Illinois Gov. Pat Quinn may use an executive order to establish a health insurance exchange, a website where consumers could comparison shop for insurance that's a key piece of President Barack Obama's health care law, according to Quinn's chief health care adviser.
Michael Gelder, the governor's adviser, said the Legislature's workload on Medicaid and pension reform makes it unlikely lawmakers will be able to pass legislation authorizing an insurance exchange during the current session, which is scheduled to end later this month.
Looming federal deadlines leave the governor with two choices: calling the Legislature back into special session or issuing an executive order, Gelder said.
But Republicans said an executive order would be inappropriate, especially before the U.S. Supreme Court rules on the Affordable Care Act. A decision is expected in June.
"The issuance of an executive order to establish a health insurance exchange by Gov. Quinn at this time is premature on a number of levels," said Sen. Bill Brady, a Bloomington Republican who co-chaired a legislative study committee on the health insurance exchange. "We expect the U.S. Supreme Court to issue a ruling on Obamacare in just a few weeks."
An executive order would undercut the legislative process and cut out stakeholders who've been involved so far, Brady said.
"There is no consensus, but the governor should let that process play out," he said.
An executive order is needed, Gelder said, to secure federal grants and meet a deadline to prevent the federal government from running an insurance exchange in Illinois. States have a Jan. 1, 2013, deadline for Washington to approve their plans or risk the federal government coming in to run things.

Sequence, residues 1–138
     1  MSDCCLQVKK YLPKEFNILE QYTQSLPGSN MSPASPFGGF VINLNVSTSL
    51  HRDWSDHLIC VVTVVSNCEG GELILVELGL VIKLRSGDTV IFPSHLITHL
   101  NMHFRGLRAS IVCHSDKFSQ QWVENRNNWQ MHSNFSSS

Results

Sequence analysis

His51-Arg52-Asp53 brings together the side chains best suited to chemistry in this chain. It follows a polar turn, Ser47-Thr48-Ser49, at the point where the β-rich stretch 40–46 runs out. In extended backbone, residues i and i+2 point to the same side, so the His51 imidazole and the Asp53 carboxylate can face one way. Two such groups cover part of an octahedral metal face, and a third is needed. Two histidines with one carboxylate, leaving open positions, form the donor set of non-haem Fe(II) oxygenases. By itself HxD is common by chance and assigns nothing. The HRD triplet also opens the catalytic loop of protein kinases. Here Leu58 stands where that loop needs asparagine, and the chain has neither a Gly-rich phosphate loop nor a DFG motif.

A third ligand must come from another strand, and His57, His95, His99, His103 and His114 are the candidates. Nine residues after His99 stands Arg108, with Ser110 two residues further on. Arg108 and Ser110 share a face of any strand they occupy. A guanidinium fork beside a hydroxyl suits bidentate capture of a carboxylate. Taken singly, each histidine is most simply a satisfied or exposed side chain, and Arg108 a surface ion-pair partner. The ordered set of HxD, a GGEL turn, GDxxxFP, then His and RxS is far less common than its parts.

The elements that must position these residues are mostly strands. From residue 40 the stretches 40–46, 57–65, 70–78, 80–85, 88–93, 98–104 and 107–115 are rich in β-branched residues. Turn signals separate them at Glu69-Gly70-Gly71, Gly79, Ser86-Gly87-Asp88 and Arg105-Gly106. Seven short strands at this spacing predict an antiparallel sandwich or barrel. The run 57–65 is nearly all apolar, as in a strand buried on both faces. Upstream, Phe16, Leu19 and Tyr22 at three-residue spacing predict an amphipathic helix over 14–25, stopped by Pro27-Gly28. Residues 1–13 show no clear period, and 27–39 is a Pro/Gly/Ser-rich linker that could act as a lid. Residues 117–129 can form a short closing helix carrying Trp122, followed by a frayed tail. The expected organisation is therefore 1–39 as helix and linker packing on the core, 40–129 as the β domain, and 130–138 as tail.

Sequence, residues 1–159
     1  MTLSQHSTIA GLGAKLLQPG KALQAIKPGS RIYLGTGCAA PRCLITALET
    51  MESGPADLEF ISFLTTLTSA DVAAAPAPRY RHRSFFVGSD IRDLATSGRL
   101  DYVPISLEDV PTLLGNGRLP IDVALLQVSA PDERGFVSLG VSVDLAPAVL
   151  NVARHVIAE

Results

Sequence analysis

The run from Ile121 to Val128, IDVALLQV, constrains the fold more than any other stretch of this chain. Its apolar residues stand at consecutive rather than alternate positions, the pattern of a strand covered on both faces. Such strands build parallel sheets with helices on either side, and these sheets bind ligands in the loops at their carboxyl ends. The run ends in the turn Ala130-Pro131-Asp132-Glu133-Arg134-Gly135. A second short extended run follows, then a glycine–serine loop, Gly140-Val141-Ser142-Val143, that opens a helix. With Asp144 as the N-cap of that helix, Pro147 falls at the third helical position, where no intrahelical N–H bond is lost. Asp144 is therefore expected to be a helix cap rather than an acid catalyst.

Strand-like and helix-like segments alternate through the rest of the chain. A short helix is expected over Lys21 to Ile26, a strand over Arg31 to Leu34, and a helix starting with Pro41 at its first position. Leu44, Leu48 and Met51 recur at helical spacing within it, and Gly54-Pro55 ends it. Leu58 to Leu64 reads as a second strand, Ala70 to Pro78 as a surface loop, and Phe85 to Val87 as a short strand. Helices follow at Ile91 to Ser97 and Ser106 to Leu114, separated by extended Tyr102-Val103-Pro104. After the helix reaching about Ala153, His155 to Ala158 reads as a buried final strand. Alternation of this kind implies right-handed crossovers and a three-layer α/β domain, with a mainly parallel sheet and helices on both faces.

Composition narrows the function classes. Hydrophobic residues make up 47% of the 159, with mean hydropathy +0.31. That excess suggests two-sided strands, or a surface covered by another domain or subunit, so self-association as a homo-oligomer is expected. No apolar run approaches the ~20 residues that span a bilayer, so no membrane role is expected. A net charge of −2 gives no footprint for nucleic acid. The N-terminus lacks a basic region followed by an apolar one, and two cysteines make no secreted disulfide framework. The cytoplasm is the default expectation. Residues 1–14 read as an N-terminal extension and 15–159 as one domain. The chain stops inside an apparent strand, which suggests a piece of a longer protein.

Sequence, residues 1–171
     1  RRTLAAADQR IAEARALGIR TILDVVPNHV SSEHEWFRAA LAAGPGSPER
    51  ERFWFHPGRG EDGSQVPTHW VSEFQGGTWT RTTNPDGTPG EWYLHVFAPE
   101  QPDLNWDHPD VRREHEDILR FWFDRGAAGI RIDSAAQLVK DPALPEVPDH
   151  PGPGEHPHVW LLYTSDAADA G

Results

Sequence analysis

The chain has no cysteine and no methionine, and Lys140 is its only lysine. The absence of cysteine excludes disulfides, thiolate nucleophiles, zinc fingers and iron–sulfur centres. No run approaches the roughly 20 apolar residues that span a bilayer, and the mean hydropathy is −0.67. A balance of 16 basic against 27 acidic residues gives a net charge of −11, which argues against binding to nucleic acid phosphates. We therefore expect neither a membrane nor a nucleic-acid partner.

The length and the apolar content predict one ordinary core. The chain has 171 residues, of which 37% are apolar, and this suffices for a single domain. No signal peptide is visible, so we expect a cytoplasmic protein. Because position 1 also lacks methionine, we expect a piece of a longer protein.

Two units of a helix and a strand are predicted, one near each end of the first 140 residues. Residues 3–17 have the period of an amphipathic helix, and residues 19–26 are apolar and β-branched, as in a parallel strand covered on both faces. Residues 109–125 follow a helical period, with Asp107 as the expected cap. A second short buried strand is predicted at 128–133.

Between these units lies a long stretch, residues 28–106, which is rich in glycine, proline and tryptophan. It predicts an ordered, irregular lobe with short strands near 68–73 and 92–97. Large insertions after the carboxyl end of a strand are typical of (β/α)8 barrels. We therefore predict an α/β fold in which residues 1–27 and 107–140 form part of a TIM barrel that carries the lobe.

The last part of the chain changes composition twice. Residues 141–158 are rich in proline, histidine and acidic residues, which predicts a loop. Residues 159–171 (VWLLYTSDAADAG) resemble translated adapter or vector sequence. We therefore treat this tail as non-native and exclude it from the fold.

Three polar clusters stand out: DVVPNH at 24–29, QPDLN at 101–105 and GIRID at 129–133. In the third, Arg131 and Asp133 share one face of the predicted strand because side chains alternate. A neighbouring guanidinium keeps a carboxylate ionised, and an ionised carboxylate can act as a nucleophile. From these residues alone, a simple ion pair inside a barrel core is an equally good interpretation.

Only two states have established insurance exchanges by executive order: New York and Rhode Island. Another 10 states and the District of Columbia have passed laws establishing exchanges since Obama signed the law. Massachusetts also has a state-run health insurance exchange.
Last fall, an Illinois legislative study committee failed to form a bipartisan consensus about how the exchange would be governed. An executive order could address that.
Brian Imus of the nonpartisan Illinois Public Interest Research Group said Quinn should use Rhode Island's executive order as a model rather than New York's because it includes more consumer protections and rules against conflicts of interest. Rhode Island Gov. Lincoln Chafee's executive order sets up a governing board free of insurance industry members, for example.
"Rhode Island is just much more proscriptive and makes clear that the governing board has representatives of consumers and small businesses," Imus said.
An executive order could create a governing structure, but legislation still would be required to set up ways to pay for the exchange.
The state-based health insurance exchanges are meant to create more competition and reduce administrative costs as they offer one-stop shopping for health coverage. They are a linchpin to expanding coverage under Obama's health law.
Illinois officials estimate nearly 800,000 uninsured residents will get public or private health insurance through the exchange in 2014, climbing to more than 1 million by 2020.
Most people buying insurance through the exchanges will likely be eligible for taxpayer-financed subsidies, and the exchanges will help people who qualify enroll in Medicaid. Participating insurance plans would have to take all applicants, regardless of prior health problems.
The Illinois exchange could even include a calculator that could determine a consumer's insurance cost after their tax credit.